Our Gear. I think we took about the right amount of gear on our attempt. We carried 2 Bibler Fitzroy tents, 2 MSR Whisperlite stoves with about 4 liters of fuel, a PUR water filter, and 2 pots large enough to melt snow in. One thing that we needed were better insulation tools for the pots and stoves to help with melting snow. Warm clothes! We had Patagonia expedition weight tops and bottoms as well as mid weight thermals. Good wool socks or wool substitute with liners, a down coat for sitting at camp. I brought a light pair of windstopper gloves and a heavier pair of lined gloves for the various conditions we would encounter. A good hat is essential as well as a good Gore-Tex shell. I wore a North Face Gore-Tex suit above Camp Canada as the wind can be vicious! I would recommend two sleeping pads. I brought a Thermarest and bought a light foam pad in Argentina. Of course, a good down sleeping bag! I use a Marmot Never Summer and was never cold at night. A good pair of waling sticks help keep your balance on the rocks and aids in stream crossings. One more thing, a pee bottle keeps you from having to get out of the tent at night.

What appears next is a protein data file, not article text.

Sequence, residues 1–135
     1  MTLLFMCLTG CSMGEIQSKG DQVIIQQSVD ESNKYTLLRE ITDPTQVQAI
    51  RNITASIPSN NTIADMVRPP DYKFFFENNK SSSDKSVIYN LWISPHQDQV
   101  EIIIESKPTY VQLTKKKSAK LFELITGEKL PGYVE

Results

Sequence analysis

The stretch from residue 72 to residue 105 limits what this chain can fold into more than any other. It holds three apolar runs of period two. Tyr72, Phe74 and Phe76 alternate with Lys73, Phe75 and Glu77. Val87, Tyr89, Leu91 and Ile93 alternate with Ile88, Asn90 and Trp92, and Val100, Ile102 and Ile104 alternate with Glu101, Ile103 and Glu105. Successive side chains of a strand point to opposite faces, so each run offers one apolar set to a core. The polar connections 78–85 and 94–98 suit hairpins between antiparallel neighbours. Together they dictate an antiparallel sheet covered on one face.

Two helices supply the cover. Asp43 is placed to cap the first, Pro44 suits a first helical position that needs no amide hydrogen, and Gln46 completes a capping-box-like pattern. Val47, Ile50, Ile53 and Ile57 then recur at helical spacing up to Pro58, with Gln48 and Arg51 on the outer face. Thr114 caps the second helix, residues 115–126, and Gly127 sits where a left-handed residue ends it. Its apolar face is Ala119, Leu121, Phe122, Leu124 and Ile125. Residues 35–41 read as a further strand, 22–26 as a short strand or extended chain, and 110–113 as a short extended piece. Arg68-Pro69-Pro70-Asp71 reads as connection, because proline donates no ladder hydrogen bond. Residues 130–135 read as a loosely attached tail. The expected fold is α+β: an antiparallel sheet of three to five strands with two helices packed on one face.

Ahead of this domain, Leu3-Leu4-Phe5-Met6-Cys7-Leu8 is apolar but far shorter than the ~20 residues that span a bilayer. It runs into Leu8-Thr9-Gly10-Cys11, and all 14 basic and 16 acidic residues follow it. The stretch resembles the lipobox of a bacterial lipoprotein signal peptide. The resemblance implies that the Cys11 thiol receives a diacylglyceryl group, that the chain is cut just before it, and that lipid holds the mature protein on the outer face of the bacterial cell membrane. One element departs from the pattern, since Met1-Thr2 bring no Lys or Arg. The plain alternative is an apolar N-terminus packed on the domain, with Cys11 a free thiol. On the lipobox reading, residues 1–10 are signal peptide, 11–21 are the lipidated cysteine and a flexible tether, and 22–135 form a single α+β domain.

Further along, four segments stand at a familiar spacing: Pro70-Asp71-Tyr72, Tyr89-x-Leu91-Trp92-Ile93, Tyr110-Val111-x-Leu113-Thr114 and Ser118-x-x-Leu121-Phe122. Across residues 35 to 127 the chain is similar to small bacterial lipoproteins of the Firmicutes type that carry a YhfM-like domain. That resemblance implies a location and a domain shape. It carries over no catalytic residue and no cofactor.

The Climb. We started at the trailhead by presenting our permits to the rangers and getting signed in. We received our garbage bags (you must bring it back of the mountain full of garbage) and last minute advice. We started off on the first day, a fairly easy day of about 4 or 5 miles with a elevation gain of about 2000 feet. Our packs were heavier than they needed to be because of the way we set up our mule team. We arranged to have the mules bring our climbing gear and then pick up our tents, sleeping bags, etc at the first camp and carry it to base camp. This would occur on the third day of the climb. Our first day was wonderful, excellent weather, a nice easy hike and a good dinner! The next day we did a day hike to about 13500 feet to help the acclimatization process. This gave us a good look at the south side of the mountain.